Stunt Kite – Final Report Part 2 – How

Step 0: Planning

The first thing I did was to find a kite plan to follow. I eventually settle on the Sceptre Kite designed by David Holt. Using that plan I calculated how much fabric, bridle line, and ribbon I needed to purchase. Next I determined an order for what all the steps needed to sew the kite:

  1. Buy Materials
  2. Cut Stencils
  3. Cut Fabric
  4. Hem Front Edges
  5. Hem and sew a ribbon into front of profiles.
  6. Cut bridle loop ribbon and align on panels
  7. Align panels with profiles the sew bottom layer.
  8. Sew on dots and profiles that are mid-panel
  9. Cut holes in each profile
  10. Sew top panels on
  11. Hem Back Edge
  12. Cut and tie bridle line
  13. Add the flight line

Step 1: Buying Materials

I bought all the fabric I used from Into the Wind and will likely by the flight line there as well. The bridle line I purchase from an online store call Fly Market Kites which was recommended by someone from Into the Wind. All the ribbon and thread I used was supplied by the Idea Forge.

Step 2: Cut Stencils

The stencils were laser cut from cardboard using the laser cutters at the ITLL. I made the patterns for cutting in Corel Draw using the .png images provided by my kite plan and then adding hem allowances to the dimensions. The cardboard I used was a slip sheet used on pallets from Costco. The cardboard was thin and with one sheet I was able to make all my stencils so they were consistent.

Step 3: Cut Fabric

I used the cardboard stencils with an acrylic sheet clamped in place on top so that I wouldn’t cut into my stencils and had a rigid surface to run the roller cutter blade against. Cutting was time consuming but I got faster as I became more confident and practice at setting up the fabric and stencils.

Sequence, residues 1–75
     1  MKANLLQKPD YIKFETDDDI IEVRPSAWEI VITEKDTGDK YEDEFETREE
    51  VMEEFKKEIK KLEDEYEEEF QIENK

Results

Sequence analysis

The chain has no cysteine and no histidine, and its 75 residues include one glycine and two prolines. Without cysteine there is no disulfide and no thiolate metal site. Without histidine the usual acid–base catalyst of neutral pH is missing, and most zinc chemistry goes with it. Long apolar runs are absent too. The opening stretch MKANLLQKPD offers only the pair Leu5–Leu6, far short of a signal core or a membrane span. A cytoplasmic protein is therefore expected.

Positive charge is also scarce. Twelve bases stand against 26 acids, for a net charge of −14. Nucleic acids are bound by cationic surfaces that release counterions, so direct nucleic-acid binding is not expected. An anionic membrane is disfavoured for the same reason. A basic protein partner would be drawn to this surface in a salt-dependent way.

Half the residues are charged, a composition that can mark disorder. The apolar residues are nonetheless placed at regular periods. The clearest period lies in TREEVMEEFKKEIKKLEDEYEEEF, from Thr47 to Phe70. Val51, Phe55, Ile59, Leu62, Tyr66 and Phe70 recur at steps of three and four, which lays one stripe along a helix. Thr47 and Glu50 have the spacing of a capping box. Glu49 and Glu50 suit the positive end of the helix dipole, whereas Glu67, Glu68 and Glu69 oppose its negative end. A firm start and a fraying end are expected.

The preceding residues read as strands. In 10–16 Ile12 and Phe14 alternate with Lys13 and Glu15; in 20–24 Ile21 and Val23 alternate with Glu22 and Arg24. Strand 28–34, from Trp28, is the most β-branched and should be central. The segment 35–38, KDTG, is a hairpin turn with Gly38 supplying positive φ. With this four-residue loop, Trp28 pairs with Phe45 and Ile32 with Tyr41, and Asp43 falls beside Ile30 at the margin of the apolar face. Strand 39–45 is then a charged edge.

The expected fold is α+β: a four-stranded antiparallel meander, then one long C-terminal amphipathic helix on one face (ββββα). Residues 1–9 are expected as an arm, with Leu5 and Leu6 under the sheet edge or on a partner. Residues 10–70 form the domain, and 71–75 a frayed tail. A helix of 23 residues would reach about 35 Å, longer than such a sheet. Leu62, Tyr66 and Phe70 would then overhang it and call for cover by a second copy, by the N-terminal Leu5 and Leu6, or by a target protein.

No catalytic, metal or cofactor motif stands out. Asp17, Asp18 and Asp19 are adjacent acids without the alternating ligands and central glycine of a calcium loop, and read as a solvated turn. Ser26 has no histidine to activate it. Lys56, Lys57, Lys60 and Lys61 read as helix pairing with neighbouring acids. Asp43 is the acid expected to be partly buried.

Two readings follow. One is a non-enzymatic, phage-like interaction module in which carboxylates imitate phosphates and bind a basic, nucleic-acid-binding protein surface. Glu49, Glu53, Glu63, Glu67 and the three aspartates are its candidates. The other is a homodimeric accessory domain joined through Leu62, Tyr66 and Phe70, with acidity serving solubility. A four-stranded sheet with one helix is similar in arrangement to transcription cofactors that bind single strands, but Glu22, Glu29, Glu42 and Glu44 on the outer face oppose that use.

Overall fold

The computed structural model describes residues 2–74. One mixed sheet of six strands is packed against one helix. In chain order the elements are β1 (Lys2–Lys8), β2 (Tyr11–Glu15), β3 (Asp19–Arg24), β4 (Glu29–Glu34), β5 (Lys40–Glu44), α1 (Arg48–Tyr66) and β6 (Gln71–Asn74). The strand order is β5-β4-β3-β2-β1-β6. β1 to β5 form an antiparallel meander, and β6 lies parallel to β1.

Once the colored panels and some of the dots were cut I was excited to visualize the physical product by laying out the pattern on a table.

4. Hem Front Edges

Before sewing the pieced of fabric together I hemmed the front edge of all the colored panels. This was also a good way to get more practice sewing with this fabric before getting to more complicated seams.

5. Hem and sew ribbon into front edge of profiles

The Sceptre kite pattern didn’t include this step, however while Josh Colyer and I were investigating how my friend’s parafoil kite was made we noticed that the front edge of every profile had  ribbon sewn into the hem. We decided it was there for a reason so I did the same for all my profiles.

6. Cut bridle loops and align with panels

The bridle loops were made from folded ribbon that was sew in place between panels with the loops ending up on the outside of the kite. I taped the bridle loops in place so I didn’t have to worry about them moving while I aligned the profiles with the panels.

7. Align profiles and panels then sew bottom layer

At each seam there were two colored panels and one profile with the bridle loops taped in place on one of the panels. These stacks proved to be slippery but with lots of clips generally stayed in place for sewing. I also used masking tape to hold pieces of fabric together that were not being held in place with clips well.

Bottom layer with half the profiles in place

8. Sew on dots and profiles that are mid-panel

At this point in the project I had already spent about 6 hours cutting materials and 5 hours sewing. I liked how my kite was starting to turn out so I was hesitant to make any choices that would lead to a sewing mistake ruining the final product. I made the decision that sewing on the dots as planned would be a bad idea. I would have to learn a new sewing style (applique), the applique dots had a higher chance of me making a hard to repair hole in my kite, and I did not have unlimited time. I committed to this decision by starting to sew profiles across the midsection where I was planning to sew the dots. In my planning I would be sewing over the dots, but my plans were changing.

To sew on the profiles that were attached at the centerline of each panel I used a lap seam. Since clips were not going to work and I didn’t want to put pinholes in my kite I taped the profiles in place. The profiles I located by folding the panel in half with the seams align and the placing the line I wanted to sew along at the crease. In the image above the acrylic sheet marks where I wanted to sew.